Black History Month: Let’s Talk About It

By Gina Bompiedi

While Black History Month is officially over, and we are now transitioning into Women’s History Month, I still wanted to take some time to explore the notion of Black History Month and why we should take more time to acknowledge and understand it. Even though the month itself is over, its message remains timeless.

. . .

February. The shortest month of the year, also the month where an entire collection of people’s history is crammed into the confines of 28 (or if we’re lucky, 29) days. While I could hypothetically debate the pros and cons of having a Black History Month, it seemed to me to be much more effective and beneficial to debunk some of the common rebuttals against the acknowledgment of black history month.

“Why isn’t there a white history month?”

There are 2 issues with this logic. One, all history (that is taught in the Western curriculum) is white history. It’s a fact. To deny the Eurocentrism of our curriculum would be a silly as denying the existence of the sun. Sure, we can often overlook this and take this reality for granted and without question, but it is important for us to understand that the United States would be nothing like it is now without the hundreds of thousands of contributions and changes made by minority groups. Secondly, if you really wanted a white history month to counterbalance any sort of black “favoritism” then be willing to also accept and acknowledge history months of other minority groups. We can no longer ignore and marginalize Asian Americans, Native Americans, Latinos and Hispanics, Pacific Islanders, and many more.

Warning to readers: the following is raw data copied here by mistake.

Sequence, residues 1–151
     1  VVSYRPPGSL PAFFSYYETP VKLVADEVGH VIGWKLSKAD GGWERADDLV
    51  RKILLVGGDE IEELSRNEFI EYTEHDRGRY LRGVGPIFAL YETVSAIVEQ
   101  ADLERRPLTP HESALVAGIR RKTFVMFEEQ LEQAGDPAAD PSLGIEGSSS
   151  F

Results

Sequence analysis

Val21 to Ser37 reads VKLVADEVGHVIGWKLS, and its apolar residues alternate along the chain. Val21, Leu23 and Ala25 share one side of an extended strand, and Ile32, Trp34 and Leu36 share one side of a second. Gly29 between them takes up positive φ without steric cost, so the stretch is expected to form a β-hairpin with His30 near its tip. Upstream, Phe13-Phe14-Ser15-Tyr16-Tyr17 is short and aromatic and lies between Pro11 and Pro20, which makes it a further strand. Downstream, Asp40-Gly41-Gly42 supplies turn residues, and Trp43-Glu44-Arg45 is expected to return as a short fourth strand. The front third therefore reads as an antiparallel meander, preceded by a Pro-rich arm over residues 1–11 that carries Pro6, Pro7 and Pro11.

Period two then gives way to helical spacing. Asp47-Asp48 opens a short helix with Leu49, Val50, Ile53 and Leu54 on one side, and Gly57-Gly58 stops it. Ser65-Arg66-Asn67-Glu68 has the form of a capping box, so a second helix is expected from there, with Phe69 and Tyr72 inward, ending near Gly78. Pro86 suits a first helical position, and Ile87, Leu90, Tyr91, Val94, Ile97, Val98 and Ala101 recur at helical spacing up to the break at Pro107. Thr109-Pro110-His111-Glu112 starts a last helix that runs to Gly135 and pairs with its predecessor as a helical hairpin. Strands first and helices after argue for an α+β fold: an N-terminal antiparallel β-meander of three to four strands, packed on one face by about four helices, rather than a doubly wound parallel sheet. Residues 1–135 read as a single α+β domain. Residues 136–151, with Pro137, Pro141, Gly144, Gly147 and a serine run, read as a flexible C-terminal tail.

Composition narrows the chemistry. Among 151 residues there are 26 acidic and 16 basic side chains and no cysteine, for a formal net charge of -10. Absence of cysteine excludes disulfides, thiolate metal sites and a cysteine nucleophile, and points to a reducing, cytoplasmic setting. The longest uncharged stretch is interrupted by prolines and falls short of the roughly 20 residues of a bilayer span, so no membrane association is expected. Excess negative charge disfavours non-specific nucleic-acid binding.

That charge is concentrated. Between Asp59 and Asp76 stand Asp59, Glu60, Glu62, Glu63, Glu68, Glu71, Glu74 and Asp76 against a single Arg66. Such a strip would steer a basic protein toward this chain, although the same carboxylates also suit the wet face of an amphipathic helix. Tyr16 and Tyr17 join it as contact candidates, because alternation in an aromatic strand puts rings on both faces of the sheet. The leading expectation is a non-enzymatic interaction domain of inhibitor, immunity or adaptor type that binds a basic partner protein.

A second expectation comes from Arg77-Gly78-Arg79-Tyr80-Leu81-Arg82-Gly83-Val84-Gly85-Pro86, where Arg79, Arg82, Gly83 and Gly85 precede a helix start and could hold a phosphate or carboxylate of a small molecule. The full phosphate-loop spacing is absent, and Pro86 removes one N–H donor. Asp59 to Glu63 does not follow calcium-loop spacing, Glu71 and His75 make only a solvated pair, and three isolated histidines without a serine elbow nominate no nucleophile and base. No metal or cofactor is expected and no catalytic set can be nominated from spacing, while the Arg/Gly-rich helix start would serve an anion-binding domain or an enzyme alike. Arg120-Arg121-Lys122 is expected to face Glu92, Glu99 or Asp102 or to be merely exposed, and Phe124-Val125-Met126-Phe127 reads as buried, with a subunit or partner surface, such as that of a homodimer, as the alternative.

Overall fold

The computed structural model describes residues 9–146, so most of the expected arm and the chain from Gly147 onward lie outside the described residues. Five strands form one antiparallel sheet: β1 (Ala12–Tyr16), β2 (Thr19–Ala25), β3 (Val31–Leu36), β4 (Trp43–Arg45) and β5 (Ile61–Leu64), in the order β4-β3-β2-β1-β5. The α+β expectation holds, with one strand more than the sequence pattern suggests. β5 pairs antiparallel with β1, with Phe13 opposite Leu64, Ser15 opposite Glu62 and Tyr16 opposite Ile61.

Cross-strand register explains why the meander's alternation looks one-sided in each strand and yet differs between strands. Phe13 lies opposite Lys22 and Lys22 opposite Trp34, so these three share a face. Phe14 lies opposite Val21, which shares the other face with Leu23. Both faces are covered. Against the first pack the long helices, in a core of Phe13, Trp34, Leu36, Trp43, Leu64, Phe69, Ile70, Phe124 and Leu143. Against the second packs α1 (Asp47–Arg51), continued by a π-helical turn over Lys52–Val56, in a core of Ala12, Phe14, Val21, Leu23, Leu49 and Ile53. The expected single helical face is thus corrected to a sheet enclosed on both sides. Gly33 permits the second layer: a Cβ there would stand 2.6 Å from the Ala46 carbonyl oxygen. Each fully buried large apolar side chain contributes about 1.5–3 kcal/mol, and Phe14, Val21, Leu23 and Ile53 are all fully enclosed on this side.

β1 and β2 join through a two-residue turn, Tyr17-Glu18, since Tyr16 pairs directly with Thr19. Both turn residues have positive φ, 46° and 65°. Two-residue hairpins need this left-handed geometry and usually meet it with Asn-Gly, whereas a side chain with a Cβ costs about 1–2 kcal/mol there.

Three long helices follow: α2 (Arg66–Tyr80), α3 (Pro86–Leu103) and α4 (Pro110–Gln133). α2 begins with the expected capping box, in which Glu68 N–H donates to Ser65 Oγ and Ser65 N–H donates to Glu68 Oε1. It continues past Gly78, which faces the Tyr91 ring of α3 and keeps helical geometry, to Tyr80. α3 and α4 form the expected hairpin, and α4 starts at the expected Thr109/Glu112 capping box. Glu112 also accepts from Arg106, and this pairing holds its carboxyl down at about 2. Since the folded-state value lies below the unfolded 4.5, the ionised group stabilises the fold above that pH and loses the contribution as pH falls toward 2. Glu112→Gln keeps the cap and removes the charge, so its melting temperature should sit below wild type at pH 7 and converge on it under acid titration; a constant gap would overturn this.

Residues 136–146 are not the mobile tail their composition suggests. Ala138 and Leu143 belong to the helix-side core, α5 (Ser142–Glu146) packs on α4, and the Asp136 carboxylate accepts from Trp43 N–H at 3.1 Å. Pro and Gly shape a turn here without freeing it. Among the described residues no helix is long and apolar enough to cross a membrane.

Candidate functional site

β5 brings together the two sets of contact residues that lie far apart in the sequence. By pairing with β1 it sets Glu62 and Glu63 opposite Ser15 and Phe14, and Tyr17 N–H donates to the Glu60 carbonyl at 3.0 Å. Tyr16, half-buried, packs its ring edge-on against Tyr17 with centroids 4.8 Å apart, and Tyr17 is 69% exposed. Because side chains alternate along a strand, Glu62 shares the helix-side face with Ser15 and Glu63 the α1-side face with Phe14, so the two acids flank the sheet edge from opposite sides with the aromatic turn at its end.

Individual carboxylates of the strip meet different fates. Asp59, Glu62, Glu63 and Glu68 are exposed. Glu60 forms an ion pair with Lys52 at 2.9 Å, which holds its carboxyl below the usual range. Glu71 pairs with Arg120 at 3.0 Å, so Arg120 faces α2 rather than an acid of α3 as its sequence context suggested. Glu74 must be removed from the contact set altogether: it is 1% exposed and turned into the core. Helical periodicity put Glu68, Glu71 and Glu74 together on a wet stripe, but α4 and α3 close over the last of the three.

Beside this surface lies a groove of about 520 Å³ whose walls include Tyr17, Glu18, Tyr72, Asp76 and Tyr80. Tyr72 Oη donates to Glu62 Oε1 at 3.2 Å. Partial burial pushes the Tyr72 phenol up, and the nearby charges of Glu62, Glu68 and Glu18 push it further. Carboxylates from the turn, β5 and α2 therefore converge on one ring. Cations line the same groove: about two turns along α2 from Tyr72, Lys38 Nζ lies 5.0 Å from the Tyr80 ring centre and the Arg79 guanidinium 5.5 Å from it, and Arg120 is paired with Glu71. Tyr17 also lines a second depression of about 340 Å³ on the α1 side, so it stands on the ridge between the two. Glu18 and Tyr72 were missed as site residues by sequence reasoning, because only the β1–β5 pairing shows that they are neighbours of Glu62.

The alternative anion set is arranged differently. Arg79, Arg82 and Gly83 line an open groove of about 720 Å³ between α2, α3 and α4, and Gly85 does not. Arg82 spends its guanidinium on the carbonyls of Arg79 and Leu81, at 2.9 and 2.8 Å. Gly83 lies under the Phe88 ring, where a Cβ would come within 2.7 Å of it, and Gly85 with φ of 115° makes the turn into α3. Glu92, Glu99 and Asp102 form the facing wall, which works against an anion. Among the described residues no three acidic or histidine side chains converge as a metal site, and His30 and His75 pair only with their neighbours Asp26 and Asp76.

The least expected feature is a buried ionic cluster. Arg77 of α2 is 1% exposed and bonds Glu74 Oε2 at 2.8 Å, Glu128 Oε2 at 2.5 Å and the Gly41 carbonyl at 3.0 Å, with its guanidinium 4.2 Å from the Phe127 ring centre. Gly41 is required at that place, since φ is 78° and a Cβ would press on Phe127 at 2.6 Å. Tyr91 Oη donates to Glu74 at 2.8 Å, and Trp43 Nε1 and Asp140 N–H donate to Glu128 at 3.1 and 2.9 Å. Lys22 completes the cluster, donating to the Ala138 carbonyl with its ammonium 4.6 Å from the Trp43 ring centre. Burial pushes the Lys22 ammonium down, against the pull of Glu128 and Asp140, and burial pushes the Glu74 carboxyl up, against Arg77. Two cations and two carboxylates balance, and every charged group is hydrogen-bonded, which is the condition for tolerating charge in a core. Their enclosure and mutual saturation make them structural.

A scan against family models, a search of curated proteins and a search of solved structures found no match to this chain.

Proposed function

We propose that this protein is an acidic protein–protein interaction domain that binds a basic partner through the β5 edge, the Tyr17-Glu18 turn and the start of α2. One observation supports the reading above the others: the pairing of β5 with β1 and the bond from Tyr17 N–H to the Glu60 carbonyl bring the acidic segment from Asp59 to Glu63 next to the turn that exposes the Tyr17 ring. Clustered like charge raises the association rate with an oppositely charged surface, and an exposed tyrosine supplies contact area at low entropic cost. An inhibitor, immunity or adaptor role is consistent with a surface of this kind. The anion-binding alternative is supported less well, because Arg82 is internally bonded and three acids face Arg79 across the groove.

“You have an entire month for your people. What more do you want?”

Respect. Acknowledgement. Appreciation. To be treated with the same fairness and dignity as any other human being. That’s what everyone wants. Yet they don’t get it. Again and again blacks are discriminated against, overlooked, and silenced. If you don’t understand this or are hesitant to believe it, then please look more skeptically into the fabric of our everyday lives. And if you wish to belittle someone to the point where they only have 27 days to validate their own identity and history, then I think you really need to reevaluate your actions.

I am not making these arguments to be obnoxious nor aggressive, though some may interpret it that way. What I am merely trying to stress is that the American history curriculum is significantly incomplete of the bigger picture, and it’s time we realize that.